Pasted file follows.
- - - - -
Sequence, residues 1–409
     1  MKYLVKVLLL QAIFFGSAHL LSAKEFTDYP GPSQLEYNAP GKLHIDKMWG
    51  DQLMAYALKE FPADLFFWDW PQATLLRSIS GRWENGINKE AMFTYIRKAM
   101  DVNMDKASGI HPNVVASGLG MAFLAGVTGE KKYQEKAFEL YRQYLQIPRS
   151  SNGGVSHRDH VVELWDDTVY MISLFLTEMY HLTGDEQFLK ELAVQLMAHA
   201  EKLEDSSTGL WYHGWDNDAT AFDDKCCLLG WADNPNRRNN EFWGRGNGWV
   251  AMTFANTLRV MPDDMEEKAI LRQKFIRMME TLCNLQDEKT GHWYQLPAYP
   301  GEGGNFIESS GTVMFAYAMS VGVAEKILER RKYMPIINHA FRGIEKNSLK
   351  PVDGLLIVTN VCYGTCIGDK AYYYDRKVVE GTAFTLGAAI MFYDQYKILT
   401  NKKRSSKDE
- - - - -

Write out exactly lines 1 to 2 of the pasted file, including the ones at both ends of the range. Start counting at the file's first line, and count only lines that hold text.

Sequence, residues 1–409
     1  MKYLVKVLLL QAIFFGSAHL LSAKEFTDYP GPSQLEYNAP GKLHIDKMWG